(Bloomberg) -- Amazon.com Inc. warned Wall Street that it will have to spend billions of dollars hiring workers, paying them more and even speeding partly empty trucks to their destinations to ensure that supply-chain snarls don’t derail the holiday shopping season.
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The massive outlays could wipe out Amazon’s profit during the last three months of the year, executives said. The company also reported third-quarter revenue and earnings that fell short of projections. The shares declined about 4% in extended trading.
Revenue will be $130 billion to $140 billion in the period ending in December, the Seattle company said Thursday in a statement. Analysts, on average, estimated $141.6 billion, according to data compiled by Bloomberg. Operating income could be as low as zero, Amazon said, a step back for the company after reaping billions of dollars in profit each quarter going back to early 2018.
The results reflected the first period under new Chief Executive Officer Andy Jassy, who took the helm of the world’s largest online retailer from Jeff Bezos in July. Amazon shares have gained 5.8% this year, underperforming the broader market, as consumers who turned to online ordering in record numbers during the pandemic began to resume in-person shopping, eating out and traveling. Amazon had signaled that slower sales growth -- and high spending in areas such as wages and new warehouses -- would persist through the end of the year.
“Consumers have started to return to prepandemic spending patterns,” Chief Financial Officer Brian Olsavsky said. Amazon is increasingly dispatching partly empty trucks, sending products on more circuitous routes and speeding some shipments to make sure that customers get their items within the company’s promised windows.
While Amazon earlier this week sought to reassure shoppers and shareholders that its investments left it well prepared to weather the global supply chain woes, Jassy said the expansion would come at a cost.
“In the fourth quarter, we expect to incur several billion dollars of additional costs in our consumer business as we manage through labor supply shortages, increased wage costs, global supply chain issues, and increased freight and shipping costs,” he said in the statement. “It’ll be expensive for us in the short term, but it’s the right prioritization for our customers and partners.”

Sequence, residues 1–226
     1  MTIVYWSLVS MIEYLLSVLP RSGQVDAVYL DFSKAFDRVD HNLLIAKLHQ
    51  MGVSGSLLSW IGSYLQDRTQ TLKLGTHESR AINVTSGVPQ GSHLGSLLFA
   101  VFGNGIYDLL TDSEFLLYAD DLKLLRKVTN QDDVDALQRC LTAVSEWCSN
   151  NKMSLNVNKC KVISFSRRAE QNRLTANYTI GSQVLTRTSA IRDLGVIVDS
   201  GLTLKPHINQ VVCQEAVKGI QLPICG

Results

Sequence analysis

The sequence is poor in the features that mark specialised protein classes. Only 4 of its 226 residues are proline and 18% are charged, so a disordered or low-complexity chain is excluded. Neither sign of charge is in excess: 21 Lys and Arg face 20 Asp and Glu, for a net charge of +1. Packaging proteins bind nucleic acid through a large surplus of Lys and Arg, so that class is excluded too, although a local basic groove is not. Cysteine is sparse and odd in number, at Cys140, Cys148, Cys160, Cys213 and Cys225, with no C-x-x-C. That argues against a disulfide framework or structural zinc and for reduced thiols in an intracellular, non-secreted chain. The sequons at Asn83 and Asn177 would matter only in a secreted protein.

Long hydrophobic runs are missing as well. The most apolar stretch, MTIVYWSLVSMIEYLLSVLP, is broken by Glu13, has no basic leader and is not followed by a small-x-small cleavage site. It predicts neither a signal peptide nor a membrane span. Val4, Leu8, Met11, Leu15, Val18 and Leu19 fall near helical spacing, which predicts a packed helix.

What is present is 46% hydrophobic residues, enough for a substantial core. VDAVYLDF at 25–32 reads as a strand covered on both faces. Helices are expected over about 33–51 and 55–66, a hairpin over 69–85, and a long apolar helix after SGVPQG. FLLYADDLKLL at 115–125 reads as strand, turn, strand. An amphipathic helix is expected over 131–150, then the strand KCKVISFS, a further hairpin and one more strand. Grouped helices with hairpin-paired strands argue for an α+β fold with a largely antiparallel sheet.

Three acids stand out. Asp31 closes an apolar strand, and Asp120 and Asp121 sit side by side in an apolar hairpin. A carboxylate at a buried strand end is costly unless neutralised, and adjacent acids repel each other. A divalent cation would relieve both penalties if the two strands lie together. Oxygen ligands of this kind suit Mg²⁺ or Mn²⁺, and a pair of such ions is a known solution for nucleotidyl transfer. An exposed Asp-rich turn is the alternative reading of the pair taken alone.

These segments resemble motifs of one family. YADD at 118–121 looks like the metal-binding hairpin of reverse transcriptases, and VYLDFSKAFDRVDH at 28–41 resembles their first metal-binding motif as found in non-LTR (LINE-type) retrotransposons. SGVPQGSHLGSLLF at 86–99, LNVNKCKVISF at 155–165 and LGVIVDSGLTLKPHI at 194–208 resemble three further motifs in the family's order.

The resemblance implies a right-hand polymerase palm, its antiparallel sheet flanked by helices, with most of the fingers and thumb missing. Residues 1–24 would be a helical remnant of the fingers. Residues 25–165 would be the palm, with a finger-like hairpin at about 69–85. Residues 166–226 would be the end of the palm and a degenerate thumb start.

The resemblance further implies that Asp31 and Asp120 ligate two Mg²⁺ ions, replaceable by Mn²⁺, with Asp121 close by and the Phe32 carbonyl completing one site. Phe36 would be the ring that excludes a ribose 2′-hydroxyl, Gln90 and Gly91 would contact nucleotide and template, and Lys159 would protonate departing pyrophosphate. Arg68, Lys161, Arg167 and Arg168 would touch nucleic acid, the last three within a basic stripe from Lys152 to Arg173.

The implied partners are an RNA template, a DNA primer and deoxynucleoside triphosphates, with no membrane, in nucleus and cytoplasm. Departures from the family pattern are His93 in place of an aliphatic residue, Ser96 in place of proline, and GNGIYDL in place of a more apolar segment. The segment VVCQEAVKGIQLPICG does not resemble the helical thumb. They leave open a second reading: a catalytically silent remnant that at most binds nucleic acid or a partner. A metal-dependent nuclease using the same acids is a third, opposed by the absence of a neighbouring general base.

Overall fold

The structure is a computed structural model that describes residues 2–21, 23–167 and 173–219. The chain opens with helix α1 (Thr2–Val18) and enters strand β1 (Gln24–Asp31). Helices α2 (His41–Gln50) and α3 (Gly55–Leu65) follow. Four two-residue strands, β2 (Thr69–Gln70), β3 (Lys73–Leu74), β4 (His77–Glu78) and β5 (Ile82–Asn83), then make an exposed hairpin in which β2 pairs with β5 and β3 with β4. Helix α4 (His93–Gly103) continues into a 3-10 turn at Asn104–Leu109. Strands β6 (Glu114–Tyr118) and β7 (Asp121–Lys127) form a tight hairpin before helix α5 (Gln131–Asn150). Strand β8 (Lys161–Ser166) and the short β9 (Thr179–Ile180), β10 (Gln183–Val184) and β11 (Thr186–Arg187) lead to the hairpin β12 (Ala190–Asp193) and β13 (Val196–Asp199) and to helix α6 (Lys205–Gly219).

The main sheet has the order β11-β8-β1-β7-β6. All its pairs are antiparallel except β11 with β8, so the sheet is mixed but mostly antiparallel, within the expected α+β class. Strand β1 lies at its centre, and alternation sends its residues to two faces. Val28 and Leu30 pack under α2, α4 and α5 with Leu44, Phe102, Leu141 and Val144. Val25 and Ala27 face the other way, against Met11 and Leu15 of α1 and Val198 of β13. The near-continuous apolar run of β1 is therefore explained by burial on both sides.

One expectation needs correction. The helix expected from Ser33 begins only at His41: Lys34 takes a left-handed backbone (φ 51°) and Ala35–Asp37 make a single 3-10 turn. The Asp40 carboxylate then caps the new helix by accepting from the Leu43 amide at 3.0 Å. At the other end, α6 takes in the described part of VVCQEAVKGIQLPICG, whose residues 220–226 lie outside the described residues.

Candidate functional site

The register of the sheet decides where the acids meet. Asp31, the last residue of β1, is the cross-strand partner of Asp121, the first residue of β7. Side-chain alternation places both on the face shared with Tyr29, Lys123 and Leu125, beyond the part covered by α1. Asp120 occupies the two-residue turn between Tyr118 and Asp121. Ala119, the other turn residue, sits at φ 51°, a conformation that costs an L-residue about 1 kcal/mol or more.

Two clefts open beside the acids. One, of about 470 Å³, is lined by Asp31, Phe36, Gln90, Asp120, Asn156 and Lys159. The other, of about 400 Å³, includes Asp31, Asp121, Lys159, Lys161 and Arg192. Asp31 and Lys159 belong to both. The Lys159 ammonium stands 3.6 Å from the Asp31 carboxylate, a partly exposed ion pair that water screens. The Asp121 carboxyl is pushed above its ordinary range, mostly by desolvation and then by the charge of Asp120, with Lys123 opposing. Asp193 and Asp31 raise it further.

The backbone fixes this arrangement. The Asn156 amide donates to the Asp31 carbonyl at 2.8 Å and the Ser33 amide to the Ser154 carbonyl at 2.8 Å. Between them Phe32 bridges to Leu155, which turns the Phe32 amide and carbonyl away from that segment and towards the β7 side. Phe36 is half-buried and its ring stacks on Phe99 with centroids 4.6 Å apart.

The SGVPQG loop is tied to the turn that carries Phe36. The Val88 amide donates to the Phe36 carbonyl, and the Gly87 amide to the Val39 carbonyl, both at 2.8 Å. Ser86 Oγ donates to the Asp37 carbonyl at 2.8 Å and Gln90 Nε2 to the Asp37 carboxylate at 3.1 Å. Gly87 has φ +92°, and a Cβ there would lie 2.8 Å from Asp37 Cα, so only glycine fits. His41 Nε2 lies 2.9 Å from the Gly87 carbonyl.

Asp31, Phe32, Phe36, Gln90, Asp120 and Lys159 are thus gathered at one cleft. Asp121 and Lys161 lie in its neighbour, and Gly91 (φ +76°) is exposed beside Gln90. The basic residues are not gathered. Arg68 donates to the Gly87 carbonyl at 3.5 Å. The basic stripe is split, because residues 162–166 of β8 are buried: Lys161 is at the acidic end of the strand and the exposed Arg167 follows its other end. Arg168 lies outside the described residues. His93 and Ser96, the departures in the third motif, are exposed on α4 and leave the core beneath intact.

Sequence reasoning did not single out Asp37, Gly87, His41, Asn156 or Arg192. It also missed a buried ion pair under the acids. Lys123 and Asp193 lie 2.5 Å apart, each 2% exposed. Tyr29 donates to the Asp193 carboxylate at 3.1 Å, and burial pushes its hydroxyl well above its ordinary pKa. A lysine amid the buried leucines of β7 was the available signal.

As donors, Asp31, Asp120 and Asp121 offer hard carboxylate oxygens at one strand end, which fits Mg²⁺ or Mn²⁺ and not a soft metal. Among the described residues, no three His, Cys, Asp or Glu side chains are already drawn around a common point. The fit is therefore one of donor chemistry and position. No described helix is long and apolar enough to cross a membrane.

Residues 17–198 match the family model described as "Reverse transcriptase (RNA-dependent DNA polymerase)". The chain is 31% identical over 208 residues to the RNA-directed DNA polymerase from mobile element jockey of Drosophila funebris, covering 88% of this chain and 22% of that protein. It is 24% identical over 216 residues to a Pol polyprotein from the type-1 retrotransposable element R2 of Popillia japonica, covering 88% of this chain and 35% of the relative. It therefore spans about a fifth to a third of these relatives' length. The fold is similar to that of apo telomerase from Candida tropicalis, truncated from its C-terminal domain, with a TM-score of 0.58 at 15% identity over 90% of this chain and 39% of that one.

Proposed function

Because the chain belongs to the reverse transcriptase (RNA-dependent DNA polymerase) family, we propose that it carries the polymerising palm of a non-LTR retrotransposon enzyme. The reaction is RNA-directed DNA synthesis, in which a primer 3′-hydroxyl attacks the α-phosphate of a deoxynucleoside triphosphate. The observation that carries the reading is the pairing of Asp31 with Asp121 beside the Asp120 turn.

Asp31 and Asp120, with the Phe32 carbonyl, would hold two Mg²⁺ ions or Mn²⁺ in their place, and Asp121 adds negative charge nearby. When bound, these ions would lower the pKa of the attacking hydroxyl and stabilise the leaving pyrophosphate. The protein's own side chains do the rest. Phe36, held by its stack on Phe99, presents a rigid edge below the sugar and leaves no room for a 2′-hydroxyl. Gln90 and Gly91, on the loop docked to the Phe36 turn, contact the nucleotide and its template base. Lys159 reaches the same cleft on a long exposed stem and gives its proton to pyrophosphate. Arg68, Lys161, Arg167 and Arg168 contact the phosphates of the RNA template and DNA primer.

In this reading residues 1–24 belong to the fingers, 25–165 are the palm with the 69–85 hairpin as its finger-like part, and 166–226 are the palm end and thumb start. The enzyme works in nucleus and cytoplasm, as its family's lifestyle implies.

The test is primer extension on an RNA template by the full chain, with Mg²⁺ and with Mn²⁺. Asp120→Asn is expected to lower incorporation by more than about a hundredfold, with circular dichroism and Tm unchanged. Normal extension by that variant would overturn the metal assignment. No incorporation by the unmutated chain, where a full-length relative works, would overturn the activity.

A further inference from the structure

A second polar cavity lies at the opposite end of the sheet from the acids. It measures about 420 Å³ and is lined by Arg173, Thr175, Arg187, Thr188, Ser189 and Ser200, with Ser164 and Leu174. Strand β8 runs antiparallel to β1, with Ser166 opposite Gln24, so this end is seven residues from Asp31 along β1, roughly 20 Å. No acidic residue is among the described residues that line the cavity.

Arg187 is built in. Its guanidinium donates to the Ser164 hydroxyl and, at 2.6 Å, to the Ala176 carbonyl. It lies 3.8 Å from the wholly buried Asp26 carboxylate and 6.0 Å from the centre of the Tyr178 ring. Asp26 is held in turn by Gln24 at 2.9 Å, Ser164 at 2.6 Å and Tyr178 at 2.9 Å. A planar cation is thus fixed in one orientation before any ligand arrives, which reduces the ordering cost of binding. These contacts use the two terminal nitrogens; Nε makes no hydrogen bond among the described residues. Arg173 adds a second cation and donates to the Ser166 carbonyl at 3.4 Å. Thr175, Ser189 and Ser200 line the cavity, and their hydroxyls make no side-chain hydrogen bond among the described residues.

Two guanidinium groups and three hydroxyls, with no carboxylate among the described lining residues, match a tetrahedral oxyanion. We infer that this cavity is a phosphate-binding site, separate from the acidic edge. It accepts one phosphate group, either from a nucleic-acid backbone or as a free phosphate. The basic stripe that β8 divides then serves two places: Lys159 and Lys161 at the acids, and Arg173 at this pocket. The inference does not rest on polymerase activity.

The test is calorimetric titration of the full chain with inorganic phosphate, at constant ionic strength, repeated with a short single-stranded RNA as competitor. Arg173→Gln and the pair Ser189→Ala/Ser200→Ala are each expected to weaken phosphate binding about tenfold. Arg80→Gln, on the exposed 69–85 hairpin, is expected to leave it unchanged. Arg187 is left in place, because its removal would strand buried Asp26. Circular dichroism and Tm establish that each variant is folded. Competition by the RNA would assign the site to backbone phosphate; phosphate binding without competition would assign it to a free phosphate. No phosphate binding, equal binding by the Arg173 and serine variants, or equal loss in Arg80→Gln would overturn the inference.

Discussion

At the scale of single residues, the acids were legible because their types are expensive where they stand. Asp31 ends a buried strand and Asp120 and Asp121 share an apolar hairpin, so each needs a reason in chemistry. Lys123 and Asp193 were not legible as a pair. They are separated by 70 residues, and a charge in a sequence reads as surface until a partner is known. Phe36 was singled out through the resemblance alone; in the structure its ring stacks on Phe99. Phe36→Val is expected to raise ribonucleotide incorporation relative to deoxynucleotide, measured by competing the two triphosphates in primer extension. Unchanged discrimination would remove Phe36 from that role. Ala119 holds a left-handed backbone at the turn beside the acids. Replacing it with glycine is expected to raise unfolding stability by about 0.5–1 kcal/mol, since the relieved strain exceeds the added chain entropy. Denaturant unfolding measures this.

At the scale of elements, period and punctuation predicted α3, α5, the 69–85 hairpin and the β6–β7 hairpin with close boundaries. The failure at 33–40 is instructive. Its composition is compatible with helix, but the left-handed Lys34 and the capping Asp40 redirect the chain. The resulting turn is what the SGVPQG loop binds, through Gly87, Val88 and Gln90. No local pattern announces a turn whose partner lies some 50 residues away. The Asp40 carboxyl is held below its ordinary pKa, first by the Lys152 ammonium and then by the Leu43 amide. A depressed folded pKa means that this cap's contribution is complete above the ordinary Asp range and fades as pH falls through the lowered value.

Ed Yruma, an analyst at KeyBanc Capital Markets, said supply chain and labor pressures may mean Amazon can’t get goods to customers as fast as usual or some hoped-for items may not be available despite the company’s extra spending.
“They’re going to have to step up hiring,” Yruma said. “It’s more expensive. And those ‘out-of-stocks’ are going to be more severe than people expect.”
Amazon employed more than 1.46 million full- and part-time workers as of Sept. 30, a 30% increase from a year earlier. New-hire bonuses and wage increases added $1 billion to the company’s expenses during the third quarter, and that cost will likely double during the holiday period, Olsavsky said.
Third-quarter revenue increased 15% to $110.8 billion, compared with analysts’ average estimate of $111.8 billion. Earnings were $6.12 a share, down from $12.37 a year earlier, the company said.
John Tomlinson, director of research with M Science, said investors were hoping that conditions would have improved since Amazon’s relatively gloomy outlook in July.
“I think people were hoping that this quarter was the bottom,” Tomlinson said, referring to the period ended Sept. 30. “It doesn’t seem that’s the case. Some of the challenges they laid out didn’t seem to get worse, but they didn’t get much better, either.”
Amazon Web Services, the cloud-computing unit that brings in most of Amazon’s profit, posted sales of $16.1 billion, up 39%. That’s the division’s fastest growth rate since early 2019.
Revenue from online stores, the company’s main retail business, increased just 3% to almost $50 billion. The “other” category, which is primarily advertising, rose 49% to $8.09 billion, a rapid expansion, but slower than the pace of recent quarters.
Thursday marks the second time in as many years that Amazon has warned that pandemic-era challenges could wipe out its profit. The first, in April 2020, had Bezos asking shareholders to buckle up. The projection proved too cautious, and Amazon reported its most profitable quarter in company history just three months later.
“The soft guidance for Q4 would be more concerning if Amazon didn’t have a track record of over-performing during the holiday quarter,” said Andrew Lipsman, an analyst at EMarketer. “Bright spots in Q3 earnings are the acceleration of AWS and continued strength in the ads business, both of which will drop a lot of profit to the bottom line next quarter if the e-commerce business rebounds.”
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